Contraception


contraception-coupleThe well-known hormonal rhythm method of contraception may not be reliable in general. Despite the widely accepted medical theories about ovulation and optimal timing, the truth is that a woman can conceive at any time of the month, including during her menstruation. In fact, it has been estimated that 7 in 10 women conceive a child outside of their regular ovulation cycle.

The reason for this is that there is another highly fertile time in any month – conception dates determined by the Lunar BioRhythmic Fertility Cycle.

So if a woman wants to avoid conception without any unnatural means, it should be sufficient to avoid sexual intercourse both around the time of her hormonal ovulation and her lunar ovulation dates.

Avoid side effects of birth control pills using our natural contraception calendar. Taking the pill increases a woman’s risk of high blood pressure, blood clots, strokes, heart attacks, liver tumors and gallstones.

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It’s very easy!

Mark a first day of your menstrual period each month and we will calculate your hormonal and lunar ovulation cycles for you. Please don’t forget to log on each month to mark these dates so we can alert you accordingly. You will get your lunar ovulation cycle automatically from iConceive.com.

You will be alerted via an e-mail notification on your highly fertile days to make sure you are extra careful.

Try our contraception calendar.

Contraception statistics and facts

Did you know that side effects are the most commonly cited reason why women discontinue hormonal contraception methods?!

Here are some statistics about contraceptive methods for women, recent trends as well as historical data on trends from 1982 through 2010.  This information is published by  www.cdc.gov using studies and research by The Centers for Disease Control and Prevention’s national Center for Health Statistics. The studies were performed seven times since 1973 with women between ages of 15 through 44.

Women use different contraceptive methods including hormonal methods such as pills, implantable and injectable contraceptives, contraceptive patches and contraceptive rings.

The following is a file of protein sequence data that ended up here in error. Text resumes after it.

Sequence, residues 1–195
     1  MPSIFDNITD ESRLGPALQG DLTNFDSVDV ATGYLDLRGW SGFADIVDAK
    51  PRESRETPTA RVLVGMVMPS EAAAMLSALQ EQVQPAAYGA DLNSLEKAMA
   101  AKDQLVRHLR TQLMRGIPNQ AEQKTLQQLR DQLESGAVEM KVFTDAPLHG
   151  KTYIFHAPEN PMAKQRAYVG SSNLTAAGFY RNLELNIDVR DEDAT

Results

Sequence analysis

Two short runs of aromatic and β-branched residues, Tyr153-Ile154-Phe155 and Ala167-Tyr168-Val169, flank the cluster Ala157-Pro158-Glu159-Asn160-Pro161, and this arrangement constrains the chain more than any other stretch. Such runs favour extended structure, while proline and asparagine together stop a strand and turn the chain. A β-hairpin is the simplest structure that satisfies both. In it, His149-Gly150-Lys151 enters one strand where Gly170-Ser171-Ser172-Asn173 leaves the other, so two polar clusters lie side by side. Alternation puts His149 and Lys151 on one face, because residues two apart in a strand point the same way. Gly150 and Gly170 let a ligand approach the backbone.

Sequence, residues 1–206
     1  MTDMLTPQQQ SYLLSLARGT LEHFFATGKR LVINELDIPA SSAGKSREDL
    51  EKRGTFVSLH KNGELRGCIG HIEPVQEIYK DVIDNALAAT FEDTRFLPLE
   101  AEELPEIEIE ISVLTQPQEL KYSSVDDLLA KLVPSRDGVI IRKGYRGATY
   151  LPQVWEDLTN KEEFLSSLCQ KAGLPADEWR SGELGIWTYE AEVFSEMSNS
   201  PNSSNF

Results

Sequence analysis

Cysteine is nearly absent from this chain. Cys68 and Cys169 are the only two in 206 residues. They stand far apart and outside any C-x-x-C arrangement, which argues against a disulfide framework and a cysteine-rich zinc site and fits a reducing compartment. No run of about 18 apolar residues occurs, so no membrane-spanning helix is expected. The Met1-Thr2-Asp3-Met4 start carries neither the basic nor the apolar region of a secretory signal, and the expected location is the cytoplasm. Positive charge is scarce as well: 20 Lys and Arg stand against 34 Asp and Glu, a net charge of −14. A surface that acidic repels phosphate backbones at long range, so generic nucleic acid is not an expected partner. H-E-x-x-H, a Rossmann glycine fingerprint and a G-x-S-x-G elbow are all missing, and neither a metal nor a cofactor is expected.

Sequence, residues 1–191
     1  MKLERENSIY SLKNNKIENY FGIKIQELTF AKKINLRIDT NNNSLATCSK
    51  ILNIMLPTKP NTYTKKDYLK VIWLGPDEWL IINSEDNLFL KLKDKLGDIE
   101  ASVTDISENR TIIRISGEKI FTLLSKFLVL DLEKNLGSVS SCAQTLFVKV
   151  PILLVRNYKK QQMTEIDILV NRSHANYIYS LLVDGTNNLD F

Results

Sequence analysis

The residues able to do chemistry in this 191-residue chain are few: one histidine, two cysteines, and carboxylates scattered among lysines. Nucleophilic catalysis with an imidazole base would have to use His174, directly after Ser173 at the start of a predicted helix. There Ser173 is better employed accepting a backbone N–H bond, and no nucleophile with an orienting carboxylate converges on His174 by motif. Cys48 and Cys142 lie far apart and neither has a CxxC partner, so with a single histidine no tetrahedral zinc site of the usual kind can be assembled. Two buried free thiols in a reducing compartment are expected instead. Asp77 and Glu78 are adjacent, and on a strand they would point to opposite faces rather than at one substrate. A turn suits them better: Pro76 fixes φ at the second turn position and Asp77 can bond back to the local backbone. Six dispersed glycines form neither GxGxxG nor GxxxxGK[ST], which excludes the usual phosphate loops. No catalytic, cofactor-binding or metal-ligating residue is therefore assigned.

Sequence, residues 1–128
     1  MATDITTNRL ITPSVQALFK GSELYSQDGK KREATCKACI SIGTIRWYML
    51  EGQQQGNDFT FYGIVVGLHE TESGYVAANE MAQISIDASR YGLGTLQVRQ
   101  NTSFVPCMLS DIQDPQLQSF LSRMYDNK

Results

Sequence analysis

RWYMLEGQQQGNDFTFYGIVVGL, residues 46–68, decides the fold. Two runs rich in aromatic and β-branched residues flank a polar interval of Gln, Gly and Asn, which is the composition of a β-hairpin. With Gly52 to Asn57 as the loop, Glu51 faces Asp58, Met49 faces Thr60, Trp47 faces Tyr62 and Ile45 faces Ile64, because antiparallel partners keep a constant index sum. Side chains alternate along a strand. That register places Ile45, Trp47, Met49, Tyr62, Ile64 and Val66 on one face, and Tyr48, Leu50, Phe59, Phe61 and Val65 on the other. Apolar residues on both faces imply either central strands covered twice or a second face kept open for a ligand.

About four of every five sexually experienced women have used the pill and this percentage has remained stable since 1995. However, 47% of women who have used at least one method of contraception have discontinued using the method due to dissatisfaction. Between 2006 and 2010, of the 45 million women who have used the pill, 30% discontinued use because of dissatisfaction. Also, nearly one-half of the 12.5 million women who had used the injectable contraceptive Depo-Provera (46%) and 5.6 million women who had used the contraceptive patch (49%) discontinued use due to dissatisfaction.

Of the women who had ever used and discontinued using Depo-Provera, 74% cited side effects as a reason.  The second most frequently given reason was that women did not like the changes to their menstrual cycles (31%).

Side effects were also the most commonly cited reason why women discontinued use of the other two hormonal methods – 63% among those who discontinued using the pill and 45% among those who discontinued using the contraceptive patch.

Although modern medical science continues to introduce new solutions for contraception, over time, women choose to discontinue them as well, once again citing side effects in making their decisions.

At iConceive, we offer an alternative method to contraception. We are initiating a study to measure the reliability of our contraception method and although precise statistics are not available, we know our method is reliable but more importantly free of any side effects or long term complications.

http://www.cdc.gov/nchs/data/nhsr/nhsr062.pdf

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